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Refugees ruled out for Jersey over fears of a 'legal backdoor'

Refugees ruled out for Jersey over fears of a 'legal backdoor'

Wednesday 02 December 2015

Refugees ruled out for Jersey over fears of a 'legal backdoor'

Wednesday 02 December 2015

Jersey will not be taking in any Syrian refugees because it could open a legal backdoor to other refugees to flood into the Island.

Chief Minister Ian Gorst says that the Island will not be able to take on any refugees from the floods of desperate families fleeing the war-torn country – because if they did, other refugees would be able to claim the same support and help.

Months ago, the Chief Minister floated the idea of Jersey hosting "a small number" of refugee families as a humanitarian gesture to ease the desperate plight of Syrians fleeing their war-ravaged country. Both he and Guernsey Chief Minister Jonathan Le Tocq began talking to UK authorities about providing homes for the some of the 20,000 refugees that Prime Minister David Cameron has pledged to allow into Britain over the next five years.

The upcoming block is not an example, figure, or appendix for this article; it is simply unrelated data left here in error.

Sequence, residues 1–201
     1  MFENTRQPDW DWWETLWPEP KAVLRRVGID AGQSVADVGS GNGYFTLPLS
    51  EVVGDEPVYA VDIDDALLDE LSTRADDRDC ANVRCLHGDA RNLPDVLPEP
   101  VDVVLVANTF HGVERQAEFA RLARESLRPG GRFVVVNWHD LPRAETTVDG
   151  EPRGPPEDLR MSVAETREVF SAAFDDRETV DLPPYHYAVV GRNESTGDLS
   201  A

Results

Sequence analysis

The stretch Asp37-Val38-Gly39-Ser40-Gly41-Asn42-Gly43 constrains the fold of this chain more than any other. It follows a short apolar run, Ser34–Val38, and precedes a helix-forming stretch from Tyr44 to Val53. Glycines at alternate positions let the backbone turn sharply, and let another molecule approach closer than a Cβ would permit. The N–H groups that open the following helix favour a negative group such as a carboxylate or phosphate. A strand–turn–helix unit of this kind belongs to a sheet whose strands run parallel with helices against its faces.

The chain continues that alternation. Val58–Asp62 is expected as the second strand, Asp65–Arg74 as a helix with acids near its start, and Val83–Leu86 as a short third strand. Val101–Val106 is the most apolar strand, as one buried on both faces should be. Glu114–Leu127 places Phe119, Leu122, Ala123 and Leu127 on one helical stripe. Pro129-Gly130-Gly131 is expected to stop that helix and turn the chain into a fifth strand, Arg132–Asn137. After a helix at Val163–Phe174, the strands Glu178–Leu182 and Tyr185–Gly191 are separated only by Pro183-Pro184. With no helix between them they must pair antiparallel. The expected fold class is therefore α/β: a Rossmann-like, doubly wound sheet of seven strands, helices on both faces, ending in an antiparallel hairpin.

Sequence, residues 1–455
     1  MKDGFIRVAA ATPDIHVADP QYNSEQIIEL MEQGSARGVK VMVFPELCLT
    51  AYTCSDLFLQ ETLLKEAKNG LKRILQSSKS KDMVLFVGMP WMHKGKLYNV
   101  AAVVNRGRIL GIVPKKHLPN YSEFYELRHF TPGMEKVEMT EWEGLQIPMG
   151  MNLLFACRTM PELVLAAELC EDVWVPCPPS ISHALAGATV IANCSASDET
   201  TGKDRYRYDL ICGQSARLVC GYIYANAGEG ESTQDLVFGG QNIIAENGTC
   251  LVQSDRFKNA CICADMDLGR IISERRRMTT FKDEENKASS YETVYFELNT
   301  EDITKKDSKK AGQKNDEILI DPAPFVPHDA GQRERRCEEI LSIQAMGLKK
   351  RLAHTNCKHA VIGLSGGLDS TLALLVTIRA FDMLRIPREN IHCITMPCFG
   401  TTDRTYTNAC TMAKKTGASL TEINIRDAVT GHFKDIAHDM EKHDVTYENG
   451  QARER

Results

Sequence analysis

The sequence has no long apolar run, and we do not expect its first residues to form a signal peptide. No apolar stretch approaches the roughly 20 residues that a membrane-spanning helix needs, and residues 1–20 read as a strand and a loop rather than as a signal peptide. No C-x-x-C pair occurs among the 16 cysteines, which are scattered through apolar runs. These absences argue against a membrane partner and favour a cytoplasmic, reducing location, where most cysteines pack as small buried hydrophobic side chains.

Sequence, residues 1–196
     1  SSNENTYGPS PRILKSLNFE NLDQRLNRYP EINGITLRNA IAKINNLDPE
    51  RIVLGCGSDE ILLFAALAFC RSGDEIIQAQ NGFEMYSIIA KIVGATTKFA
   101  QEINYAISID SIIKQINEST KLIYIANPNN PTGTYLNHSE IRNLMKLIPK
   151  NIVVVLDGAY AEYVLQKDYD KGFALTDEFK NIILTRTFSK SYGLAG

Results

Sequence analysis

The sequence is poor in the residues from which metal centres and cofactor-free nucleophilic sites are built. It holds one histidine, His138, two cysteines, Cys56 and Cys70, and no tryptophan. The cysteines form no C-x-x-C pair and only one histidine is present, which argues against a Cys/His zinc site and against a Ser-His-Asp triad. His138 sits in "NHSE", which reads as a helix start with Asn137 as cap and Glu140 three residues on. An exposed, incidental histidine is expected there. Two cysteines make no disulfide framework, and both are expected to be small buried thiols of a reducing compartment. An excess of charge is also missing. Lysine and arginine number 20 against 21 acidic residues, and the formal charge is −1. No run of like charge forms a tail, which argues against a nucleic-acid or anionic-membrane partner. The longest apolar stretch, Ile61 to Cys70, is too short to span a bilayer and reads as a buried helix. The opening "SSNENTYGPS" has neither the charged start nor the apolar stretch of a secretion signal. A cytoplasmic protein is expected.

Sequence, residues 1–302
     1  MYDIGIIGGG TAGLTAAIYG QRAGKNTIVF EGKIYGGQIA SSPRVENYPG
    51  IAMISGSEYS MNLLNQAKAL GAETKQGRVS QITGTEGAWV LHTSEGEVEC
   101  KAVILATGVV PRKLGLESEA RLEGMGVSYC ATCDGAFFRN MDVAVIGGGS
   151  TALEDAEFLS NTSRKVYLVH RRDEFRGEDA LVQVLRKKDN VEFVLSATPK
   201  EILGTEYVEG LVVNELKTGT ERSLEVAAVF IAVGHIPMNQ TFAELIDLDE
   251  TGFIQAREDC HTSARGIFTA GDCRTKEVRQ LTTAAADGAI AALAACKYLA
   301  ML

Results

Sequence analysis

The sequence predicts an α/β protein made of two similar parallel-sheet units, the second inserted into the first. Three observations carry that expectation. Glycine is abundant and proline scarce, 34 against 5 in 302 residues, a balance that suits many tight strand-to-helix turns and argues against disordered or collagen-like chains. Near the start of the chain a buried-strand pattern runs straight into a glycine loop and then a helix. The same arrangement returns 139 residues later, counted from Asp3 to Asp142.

But yesterday in the States Chamber, Senator Gorst said that talks with the UK authorities had exposed a legal problem - if the Island offered shelter, employment, housing and benefits to one set of refugees, every other refugee in the UK would have a potential claim to the same treatment. And that, he said, could overwhelm the Island.

And although Senator Gorst said that he was “extremely disappointed” by the hostile reaction of some Islanders to the idea of welcoming some refugees, he said that the decision to not let them come here was for legal reasons, not for political ones.

Speaking to the States, the Chief Minister said: “If we were to make special provision for Syrian refugees, we would leave ourselves vulnerable to a legal challenge on the grounds of discrimination.

“And this would mean that any refugee – whether or not they were Syrian – who was living legally in the UK and who entered Jersey could potentially, from their point of arrival, be entitled to the same special provisions.

“We cannot expose Jersey to that risk. Our Island simply would not have the capacity to manage the impact on housing stock, on public services, or on the work market.”

In his statement, Senator Gorst said that £1 million had already been donated through the Jersey Overseas Aid Commission, and that a further substantial sum would be donated in 2016.

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Posted by June OKeeffe on
now I know they have these stupid ideas just to get a reaction or is it because another useless war is imminent
Posted by Tilly the Toad on
I'm surprised at the 'hostile' comment. Maybe if the Chief Minister respected the electorate and gave us the credit of having some intelligence this situation would not have escalated.

Word of advice Chief Minister - in future do your research first and then present a balanced proposition to the public!!
Posted by david forde on
Should have been ruled on on common sense alone.
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